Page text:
The downside of traveling while others are not is that it’s possible some attractions may be operating on a modified schedule with shorter hours, or closure dates. If you’re hoping your children will find others to hang out with, there may not be as many for them to join in the fun with during the offseason.
Education through Experience
If you were to think back to the experiences you’ve had over the years, would you say you are more affected by the things you’ve read or the things you’ve experienced? For my children, I can say beyond a shadow of a doubt that they have learned so much more by actually experiencing things. By tasting the foods, hearing the sounds of a busy street market in an exotic destination, or sitting quietly while the lions crossed in front of our path in Africa.
Often when I travel, I find myself thinking to myself, “if only I could have experienced this in person in high school, it would have made things make so much more sense”. Walking the living history of Europe, or the scientific marvels of Iceland (where you can actually see the tectonic plates of the Americas and Europe plates meeting – or more accurately pulling away from each other). To have a deeper understanding of cultures from all corners of the world. To try the foods, explore the landscapes and talk to the people. Nothing will beat connecting with locals of another culture as they share stories of their ancestors and breaking bread together.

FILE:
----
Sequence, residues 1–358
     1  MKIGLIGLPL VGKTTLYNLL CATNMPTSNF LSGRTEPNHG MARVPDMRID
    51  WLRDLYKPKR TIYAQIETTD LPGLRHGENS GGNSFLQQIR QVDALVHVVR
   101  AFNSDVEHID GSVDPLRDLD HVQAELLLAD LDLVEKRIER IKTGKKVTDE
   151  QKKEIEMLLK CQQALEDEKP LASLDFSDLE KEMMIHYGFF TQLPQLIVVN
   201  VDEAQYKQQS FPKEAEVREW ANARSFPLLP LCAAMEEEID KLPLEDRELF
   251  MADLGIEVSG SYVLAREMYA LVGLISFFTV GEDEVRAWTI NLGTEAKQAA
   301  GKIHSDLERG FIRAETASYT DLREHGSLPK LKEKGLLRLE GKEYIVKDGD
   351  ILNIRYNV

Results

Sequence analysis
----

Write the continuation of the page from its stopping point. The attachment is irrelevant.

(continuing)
Time can never be reclaimed.
That’s probably the thought you have when you look at that massive to-do list at the office, but how often do you think that when you look at your children? I remember for many years begging my children to grow up. Those endless nights, never-ending diapers, teething, colds, and more. I used to think that time was standing still. That if they could just talk, walk, help themselves – anything that would let that day end in sleep. Today it seems like all it takes is a blink and yet another year has passed.
Schedules are as hard to work around as you decide they are.
Everyone is busy, I get it. The only thing to consider is that travel planning is never going to get easier. There will come a time when your children have grown up, found a life partner and started their own family. If you think schedules are complicated now, just wait until more people get added to the schedules.
I don’t have an easy answer for the schedule, all I can suggest is that it’s never going to get easier, and if you are held hostage by your schedule, you’re never going to escape the schedule. As a mom who is far too quickly approaching that empty nest, I can tell you, I’ve never regretted making time in the schedule to have an adventure with them. The only regrets I have are the times I didn’t find the time.
No matter if you take your children out of school or if you wait until they are on a break, plan to travel. Give them the best classroom possible – the world!